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Industry Associations Fear Market Uncertainty as PV Producers Push for Tariffs on Imported Cells & Modules

Solar panel, alternative electricity source
  • Leading names in the US solar PV manufacturing industry have petitioned the US government to impose AD/CVD duties 
  • The companies on their radar are primarily China-headquartered firms shipping their wares through Cambodia, Malaysia, Vietnam, and Thailand 
  • Industry associations believe these petitions will create market uncertainty for the US PV industry 

A group of US solar PV manufacturers has filed a set of antidumping and countervailing duty (AD/CVD) petitions with the US government to investigate ‘potentially illegal trade practices’ by Cambodia, Malaysia, Vietnam, and Thailand. They claim these practices are injuring the US solar industry. 

They demand the imposition of these duties against companies importing solar PV cells and modules into the US from these 4 Southeast Asian nations. These companies would primarily be China-headquartered. 

The petitioners, namely Convalt Energy, First Solar, Meyer Burger, Mission Solar, Qcells, REC Silicon, and Swift Solar, have come together as the American Alliance for Solar Manufacturing Trade Committee. 

They have filed the petitions with the US International Trade Commission (USITC) and the US Department of Commerce through Wiley Rein LP, a law firm. 

Their call to impose AD/CVD comes just before the deadline of June 2024 when the US government’s 2-year moratorium on imposing these duties on companies evading the tariffs comes to an end. In its final determination, the Commerce Department found BYD Hong Kong, New East Solar, Canadian Solar, Trina Solar and LONGi’s Vina Solar in breach of rules (see US Circumvention Investigation Comes To A Close).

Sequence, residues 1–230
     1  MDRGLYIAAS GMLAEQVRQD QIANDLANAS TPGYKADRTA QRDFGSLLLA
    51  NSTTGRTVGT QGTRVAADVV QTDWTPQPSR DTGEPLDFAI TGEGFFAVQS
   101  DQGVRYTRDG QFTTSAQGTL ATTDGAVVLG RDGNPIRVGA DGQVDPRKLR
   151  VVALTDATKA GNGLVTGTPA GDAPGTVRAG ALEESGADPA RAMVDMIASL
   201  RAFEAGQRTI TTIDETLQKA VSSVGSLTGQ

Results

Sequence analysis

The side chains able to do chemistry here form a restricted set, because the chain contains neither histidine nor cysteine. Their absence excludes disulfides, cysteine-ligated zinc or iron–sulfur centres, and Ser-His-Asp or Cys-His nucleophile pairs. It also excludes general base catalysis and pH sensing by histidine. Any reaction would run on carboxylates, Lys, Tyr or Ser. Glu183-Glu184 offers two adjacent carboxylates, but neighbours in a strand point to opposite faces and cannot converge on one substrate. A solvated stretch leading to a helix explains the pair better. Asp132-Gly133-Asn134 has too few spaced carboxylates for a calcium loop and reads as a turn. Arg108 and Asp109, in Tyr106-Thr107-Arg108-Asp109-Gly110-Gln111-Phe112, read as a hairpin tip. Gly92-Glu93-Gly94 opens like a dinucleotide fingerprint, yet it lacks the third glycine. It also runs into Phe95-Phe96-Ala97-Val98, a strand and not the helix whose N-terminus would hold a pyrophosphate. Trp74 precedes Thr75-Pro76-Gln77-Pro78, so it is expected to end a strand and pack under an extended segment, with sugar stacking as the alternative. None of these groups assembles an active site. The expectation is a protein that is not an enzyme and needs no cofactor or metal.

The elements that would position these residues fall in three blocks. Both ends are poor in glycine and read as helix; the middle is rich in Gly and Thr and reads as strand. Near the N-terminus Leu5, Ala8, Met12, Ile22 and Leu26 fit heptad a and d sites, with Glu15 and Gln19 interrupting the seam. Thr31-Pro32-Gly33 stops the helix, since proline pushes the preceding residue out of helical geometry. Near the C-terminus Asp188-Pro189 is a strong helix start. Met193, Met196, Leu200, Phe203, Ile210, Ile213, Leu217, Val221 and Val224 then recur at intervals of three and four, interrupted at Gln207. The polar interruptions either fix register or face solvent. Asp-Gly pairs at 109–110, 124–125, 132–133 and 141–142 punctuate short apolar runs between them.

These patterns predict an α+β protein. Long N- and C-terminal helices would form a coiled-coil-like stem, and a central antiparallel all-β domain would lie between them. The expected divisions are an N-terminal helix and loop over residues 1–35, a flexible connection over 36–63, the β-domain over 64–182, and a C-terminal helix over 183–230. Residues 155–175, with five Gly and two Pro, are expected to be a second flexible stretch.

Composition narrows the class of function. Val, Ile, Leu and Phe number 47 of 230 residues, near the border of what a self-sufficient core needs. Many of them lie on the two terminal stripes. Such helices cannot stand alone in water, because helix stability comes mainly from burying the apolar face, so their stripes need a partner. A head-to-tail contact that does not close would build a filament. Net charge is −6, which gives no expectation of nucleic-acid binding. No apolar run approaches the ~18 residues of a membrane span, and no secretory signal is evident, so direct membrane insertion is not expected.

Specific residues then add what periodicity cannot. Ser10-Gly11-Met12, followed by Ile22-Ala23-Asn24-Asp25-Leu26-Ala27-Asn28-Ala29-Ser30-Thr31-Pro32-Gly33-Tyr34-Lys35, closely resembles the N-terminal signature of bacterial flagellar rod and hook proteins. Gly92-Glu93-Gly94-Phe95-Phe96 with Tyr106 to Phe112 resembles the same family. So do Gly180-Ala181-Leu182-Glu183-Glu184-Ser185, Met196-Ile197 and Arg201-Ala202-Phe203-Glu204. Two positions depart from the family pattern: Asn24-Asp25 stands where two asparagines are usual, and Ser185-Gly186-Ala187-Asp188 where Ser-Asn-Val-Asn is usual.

According to the petitioners, the moratorium gave enough time to the Chinese solar manufacturers circumventing the tariffs to shift their supply chains. Hence, they will not be expected to pay tariffs when the moratorium ends.  

“America’s solar manufacturing industry is on the cusp of tremendous growth that will create jobs and change the trajectory of our clean energy transition for decades to come. However, this manufacturing renaissance is being threatened by China’s industrial policy, which has led to massive subsidization in China and Southeast Asia. This is resulting in high volumes of dumping on global markets including the U.S., injuring our domestic producers,” said Co-Chair of Wiley’s International Trade Practice and Lead Counsel to the petitioners, Tim Brightbill. 

NEXT STEPS  

The Commerce Department now has 20 days to determine whether to initiate the investigations, while the USITC will reach a preliminary determination of material injury or threat of material injury within 45 days. According to the committee, the entire investigation process will take close to 1 year and final determinations of dumping, subsidization and injury are expected in spring 2025.  

Once in place, the collection of preliminary countervailing and antidumping duties will begin in approximately 4 months and 6 months, respectively. 

ASSOCIATIONS NOT HAPPY 

Industry associations have set the alarm bells ringing, raising concerns about its impact on the US solar deployment spree. 

In a joint statement, the Solar Energy Industries Association (SEIA), American Clean Power Association (ACP), Advanced Energy United (United), and American Council on Renewable Energy (ACORE) said that this petition will create market uncertainty.  

We are deeply concerned the AD/CVD petitions will lead to further market volatility across the U.S. solar and storage industry and create uncertainty at a time when we need effective solutions that support U.S. solar manufacturers,” stated the associations. 

They instead urge the administration to consider alternative solutions to support the local manufacturers like the Advanced Manufacturing Tax Credit and other policies. 

Meanwhile, a Reuters report recently claimed that the US government is considering ending the exemption provided to bifacial solar panels from Section 201 tariffs following a request by a consortium of US manufacturers, led by Hanwha Qcells (see White House May End Exemption For Bifacial Solar Panels). 

Source from Taiyang News

Disclaimer: The information set forth above is provided by Taiyang News independently of Alibaba.com. Alibaba.com makes no representation and warranties as to the quality and reliability of the seller and products.

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